Ramen can be an excellent starter dish for those new to Japanese cuisine. (Photo: Katsyua)
Ramen can be an excellent starter dish for those new to Japanese cuisine. (Photo: Katsyua)

The history of Japanese cuisine

Japanese cuisine has changed over the years due to input and changes. "A lot of regional cuisine has come together to become the cuisine most-enjoyed in Japan," says Kiyo Ideda, head chef of Umi Sushi and Oyster Bar at Pechanga Resort Casino in Temecula, Calif. "[Japanese cuisine is made up of] rice, miso, fish, vegetables, noodles and more."

But overall, Japanese cuisine is based on simplicity. "We like to let the essence of the ingredients do the heavy lifting," says Ideda. "And we don't like to add too many other flavors, sauces and things to mask the original flavor."

"For a long time in Japan, people were not allowed to eat meat," he adds. "That's going back more than 1,000 years. But traditions die hard, and we're still a mostly non-red-meat-or-pork-eating society."

Ideda explains that, in the 1850s, when trade routes with the west began opening up, the Japanese emperor allowed the eating of meat. Japanese people became exposed to other countries and their eating habits, adopting some — like eating beef and more animal products.

"Our cuisine is still largely Japanese without too much influence," he says. "You see some French, Chinese and American, but not as much as in other countries."

How to eat at a Japanese restaurant

Ready to try Japanese food? Take your time with the menu and know it's perfectly acceptable to ask for assistance with the choices on offer. "You can let the server know you're not that adventurous of an eater and they will relay it to the chef," says Ideda. "They can make recommendations on what might be good. You can also order several appetizers to see what you like, or ask if the restaurant serves small plates of their entrée options. They want you to come back so it's not in their best interest to scare you."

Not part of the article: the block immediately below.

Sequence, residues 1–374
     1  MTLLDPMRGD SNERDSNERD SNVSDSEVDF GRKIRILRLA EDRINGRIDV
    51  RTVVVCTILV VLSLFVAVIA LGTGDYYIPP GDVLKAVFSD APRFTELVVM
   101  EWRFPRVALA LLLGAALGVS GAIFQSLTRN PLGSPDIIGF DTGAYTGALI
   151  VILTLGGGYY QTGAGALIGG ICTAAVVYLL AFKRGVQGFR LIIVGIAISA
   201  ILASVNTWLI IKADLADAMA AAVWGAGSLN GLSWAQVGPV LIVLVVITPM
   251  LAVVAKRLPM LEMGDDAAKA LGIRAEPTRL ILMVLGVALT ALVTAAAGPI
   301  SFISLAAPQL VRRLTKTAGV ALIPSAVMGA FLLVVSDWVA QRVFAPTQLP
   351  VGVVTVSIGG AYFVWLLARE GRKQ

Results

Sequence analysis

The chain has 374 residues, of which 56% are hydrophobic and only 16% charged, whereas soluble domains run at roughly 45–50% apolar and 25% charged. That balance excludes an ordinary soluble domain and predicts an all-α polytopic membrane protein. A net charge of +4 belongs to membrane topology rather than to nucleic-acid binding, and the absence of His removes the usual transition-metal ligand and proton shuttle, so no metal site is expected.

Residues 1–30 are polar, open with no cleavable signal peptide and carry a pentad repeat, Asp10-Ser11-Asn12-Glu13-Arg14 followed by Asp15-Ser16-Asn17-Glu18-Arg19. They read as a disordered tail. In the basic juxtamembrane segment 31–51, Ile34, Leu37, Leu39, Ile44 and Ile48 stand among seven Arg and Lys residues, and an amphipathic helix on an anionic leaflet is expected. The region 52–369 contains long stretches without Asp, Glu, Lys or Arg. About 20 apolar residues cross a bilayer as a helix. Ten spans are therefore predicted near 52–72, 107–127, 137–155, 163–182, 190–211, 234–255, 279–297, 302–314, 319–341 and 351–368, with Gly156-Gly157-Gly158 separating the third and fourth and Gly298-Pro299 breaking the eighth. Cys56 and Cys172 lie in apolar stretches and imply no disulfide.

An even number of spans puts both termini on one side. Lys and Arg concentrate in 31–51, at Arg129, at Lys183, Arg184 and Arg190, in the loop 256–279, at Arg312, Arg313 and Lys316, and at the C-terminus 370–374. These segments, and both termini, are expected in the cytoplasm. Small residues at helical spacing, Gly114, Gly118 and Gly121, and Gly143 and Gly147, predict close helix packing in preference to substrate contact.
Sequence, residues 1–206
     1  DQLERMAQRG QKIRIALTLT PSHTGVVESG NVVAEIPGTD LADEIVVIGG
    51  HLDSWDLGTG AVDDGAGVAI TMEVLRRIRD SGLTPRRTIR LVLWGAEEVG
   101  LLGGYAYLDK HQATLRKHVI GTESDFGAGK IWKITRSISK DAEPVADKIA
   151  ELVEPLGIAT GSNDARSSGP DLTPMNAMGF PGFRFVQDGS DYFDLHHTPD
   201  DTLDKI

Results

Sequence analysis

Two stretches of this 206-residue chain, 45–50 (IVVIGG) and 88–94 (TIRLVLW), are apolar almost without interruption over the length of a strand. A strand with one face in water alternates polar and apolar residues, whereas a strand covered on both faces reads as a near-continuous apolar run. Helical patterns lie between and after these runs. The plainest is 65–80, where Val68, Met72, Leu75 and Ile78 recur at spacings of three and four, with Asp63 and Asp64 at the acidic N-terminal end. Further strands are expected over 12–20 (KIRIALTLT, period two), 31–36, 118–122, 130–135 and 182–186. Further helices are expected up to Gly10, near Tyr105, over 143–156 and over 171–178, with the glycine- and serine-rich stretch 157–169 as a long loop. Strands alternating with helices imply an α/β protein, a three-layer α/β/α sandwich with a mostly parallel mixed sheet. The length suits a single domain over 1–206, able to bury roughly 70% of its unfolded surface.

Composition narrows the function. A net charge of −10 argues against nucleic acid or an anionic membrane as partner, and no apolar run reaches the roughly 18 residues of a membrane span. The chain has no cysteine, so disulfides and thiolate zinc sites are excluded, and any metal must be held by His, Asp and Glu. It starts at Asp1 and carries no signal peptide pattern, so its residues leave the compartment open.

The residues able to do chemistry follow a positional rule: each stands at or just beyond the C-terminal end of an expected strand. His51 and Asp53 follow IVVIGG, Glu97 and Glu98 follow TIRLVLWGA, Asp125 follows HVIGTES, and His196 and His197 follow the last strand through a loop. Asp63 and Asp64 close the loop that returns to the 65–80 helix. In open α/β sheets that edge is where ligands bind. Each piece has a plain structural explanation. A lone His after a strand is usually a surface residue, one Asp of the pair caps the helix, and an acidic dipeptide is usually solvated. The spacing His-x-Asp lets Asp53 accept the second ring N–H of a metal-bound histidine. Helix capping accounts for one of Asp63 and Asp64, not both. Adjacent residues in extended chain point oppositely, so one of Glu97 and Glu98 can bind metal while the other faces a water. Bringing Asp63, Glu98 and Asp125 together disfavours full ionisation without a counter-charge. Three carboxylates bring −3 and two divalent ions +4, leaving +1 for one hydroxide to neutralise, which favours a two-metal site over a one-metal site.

The crispy whole fish served at Umi Sushi and Oyster Bar. (Photo: Umi Sushi and Oyster Bar)
The crispy whole fish served at Umi Sushi and Oyster Bar. (Photo: Umi Sushi and Oyster Bar)

It can be easy to get intimidated, something that's true for any new experience, regardless of how much time you've spent dining out. "I've been intimidated by large wine lists and menus featuring other cultures' foods," says Ideda. "We need to take it one step at a time."

Try something, then branch out and try something else you might like. You may just discover a new favorite food.

5 best items to order as a beginner:

Still not sure what to order off the menu? Chef Yamaguchi recommends going with the following items, which should be found on any menu, for the best first-time experience.

Seasonal Dishes: For amazing flavors, order any dish the restaurant offers as a seasonal dish, like bamboo or fiddlehead ferns in spring, mountain vegetables in fall and monkfish or monkfish liver in winter.

Miso Soup: Yamaguchi says you can learn a lot about a restaurant by trying their miso soup. For example, you can taste the flavor of the dashi (soup stock) and the quality of the miso (fermented soybean seasoning). If the restaurant is confident in their dashi, they will often offer a special miso soup like fish head miso, fish collar miso or blue crab miso.

Tamago (Egg Omelette): In Japan, says Yamaguchi, it's customary to try a sushi restaurant's tamago (omelette) first because the tamago has dashi, soy and sugar and is a very technical dish to prepare. By tasting the tamago you can have an idea of how much sugar the chef likes to use in his or her dishes as well as the quality of the dashi, egg and other ingredients used at the restaurant.

Tempura: Yamaguchi recommends tempura (battered and deep-fried meat, vegetables or seafood) because there are a million ways to prepare the dish. It's a good way to see if the restaurant uses seasonal ingredients, since tempura is one of the best methods to utilize them. It's also a good way to assess the chef's technique by looking at the thickness of the coating — traditional tempura coating should be very light on the batter.

Wagyu: Definitely try the wagyu (Japanese beef) if the restaurant has it on the menu, says Yamaguchi, because it's top-of-the line beef. There are many different types of wagyu — almost every prefecture in Japan has their own version, and Australia has their own variety as well.